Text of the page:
I know, I know, I was supposed to talk about Carrie this week. I mean, I did mention that at the end of the last article after all. However, while watching Obsession (one of the few films of DePalma’s I hadn’t seen), I realized that I had to write about it, as it’s one of the cornerstones of his career. DePalma, as most critics and fans note, was heavily influenced by Hitchcock, and with Obsession, he and screenwriter Paul Schrader crafted the quintessential Hitchcock movie. Even though both writer and director claimed to be heavily inspired by Vertigo, Hitch saw it as a pale and broken imitation, and hated it. Was he right to feel that way? As the man behind Vertigo, probably-no artist likes to see others ape their work; however, taking Vertigo out of the equation, Obsession would fit very well in the master filmmaker’s oeuvre.
I could make comparisons to Vertigo throughout, but feel it would be giving DePalma’s work short shrift. For those interested, Vertigo is easily available, and you can for your own opinion. All opinions are welcome in the comments, and it’s certainly up for debate. Obsession was also the first of two movies to be released in 1976; the second movie was a little film titled Carrie. Though Obsession made a profit, it was clearly overshadowed by the mega hit horror flick.
While the credits are standard title card shots interspersed with shots of a church, it’s Bernard Herrmann’s score which sets the tone for the rest of film. With each shot of the church, the music becomes overwrought and dramatic, and gets much softer and romantic when the titles appear. With a very slow tracking shot into a large New Orleans home, we see Michael Courtland, a real estate developer celebrating his 10 year wedding anniversary with a lavish party. His best friend and business partner Robert LaSalle is there and offers a heartfelt toast to the couple, and everyone is filled with joy. It’s a beautiful scene, which won’t last as we see that one of the waiters has a concealed gun.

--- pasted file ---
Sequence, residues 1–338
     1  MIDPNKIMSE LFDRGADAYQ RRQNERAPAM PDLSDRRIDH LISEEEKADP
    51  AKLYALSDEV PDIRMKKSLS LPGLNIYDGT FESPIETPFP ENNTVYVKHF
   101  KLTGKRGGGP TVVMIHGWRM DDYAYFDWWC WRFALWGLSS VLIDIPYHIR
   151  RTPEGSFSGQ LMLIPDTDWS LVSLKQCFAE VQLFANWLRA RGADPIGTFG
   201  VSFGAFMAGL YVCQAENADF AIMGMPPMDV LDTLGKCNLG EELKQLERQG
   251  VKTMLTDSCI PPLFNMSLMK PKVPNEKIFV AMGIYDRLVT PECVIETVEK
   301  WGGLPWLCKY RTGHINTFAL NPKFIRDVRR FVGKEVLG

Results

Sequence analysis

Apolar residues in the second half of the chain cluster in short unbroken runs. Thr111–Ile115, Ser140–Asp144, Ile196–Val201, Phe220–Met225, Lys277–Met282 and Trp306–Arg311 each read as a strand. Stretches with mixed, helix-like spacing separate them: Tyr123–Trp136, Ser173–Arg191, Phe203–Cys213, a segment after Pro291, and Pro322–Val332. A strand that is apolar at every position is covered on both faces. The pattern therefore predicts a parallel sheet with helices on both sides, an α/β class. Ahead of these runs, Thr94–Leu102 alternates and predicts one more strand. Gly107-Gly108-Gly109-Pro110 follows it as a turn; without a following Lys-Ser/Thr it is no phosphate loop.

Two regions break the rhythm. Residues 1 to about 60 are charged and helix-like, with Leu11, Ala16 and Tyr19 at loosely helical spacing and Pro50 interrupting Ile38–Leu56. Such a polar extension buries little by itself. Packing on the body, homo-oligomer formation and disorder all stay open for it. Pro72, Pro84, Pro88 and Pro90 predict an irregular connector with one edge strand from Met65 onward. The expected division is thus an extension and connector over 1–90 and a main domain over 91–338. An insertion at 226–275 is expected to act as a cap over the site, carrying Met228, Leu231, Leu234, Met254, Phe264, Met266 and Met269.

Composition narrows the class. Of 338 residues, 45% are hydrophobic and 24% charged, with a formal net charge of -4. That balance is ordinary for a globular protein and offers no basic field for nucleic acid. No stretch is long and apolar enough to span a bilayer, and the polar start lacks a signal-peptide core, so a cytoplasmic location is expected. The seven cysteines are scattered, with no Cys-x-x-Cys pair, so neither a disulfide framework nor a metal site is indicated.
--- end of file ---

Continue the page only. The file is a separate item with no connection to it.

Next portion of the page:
After the soiree ends, and the couple are getting ready for bed, the wife and daughter are kidnapped, and the perpetrators ask for $500,000 (a huge sum of money in 1959 when the story starts). After consulting with the police, a rescue of the victims goes horribly awry and results in a getaway car exploding in a ball of flame, killing the kidnapper and Courtland’s family.
Fifteen years pass as they often do when tragedy strikes in the first 10 minutes of a movie, and Courtland seems a shell of a former self. Haunted always by the guilt he feels about his wife;s and daughter’s deaths, he makes regular pilgrimages to their grave with a tombstone that replicates the church where he and his wife met. Lucky for him, that his old pal LaSalle is around, and gets him to go on a business trip back to Florence, Italy, where the couple met. Though he says he’s looking forward to it, it’s pretty obvious his heart isn’t really into the overseas excursion.
Unable to help himself, Courtland returns to the church where he met his wife, and while there, sees a young woman who looks exactly like her. As she’s prepping paintings to be restored, Courtland watches from the shadows, and then follows her over the next few days. He takes LaSalle with him, so his partner can see for himself and he’s as shocked as Courtland. When LaSalle returns to the states, Courtland remains behind and begins to court her.
Shortly after they begin a romance, Courtland and his bride to be return to New Orleans so they can marry. Courtland’s friends worry about his mental health, and on their wedding night, Sandra is kidnapped, and a replica of the first ransom note fifteen years prior. Rather than let the police deliver the money this time, Courtland handles it himself. He signs everything he has over to his partner so he can get the cash needed. Things don’t go quite as planned, and as befitting this type of thriller, things and people aren’t always what they seem. While I won’t spoil the ending, I think most people today, will figure everything out within half an hour if not sooner.
Obsession is very much a product of its time, and I mean that in a good way. While today’s audiences might consider it a bit slow, I found it refreshing that DePalma took his time in setting out the story like a multi course, several hour buffet. At its heart, Obsession really is a love story, an overwrought, Southern Gothic Romance. From the antebellum mansion Courtland lives in, to the gorgeous scenery in Italy, Obsession is gorgeous to look at and steeped in atmosphere.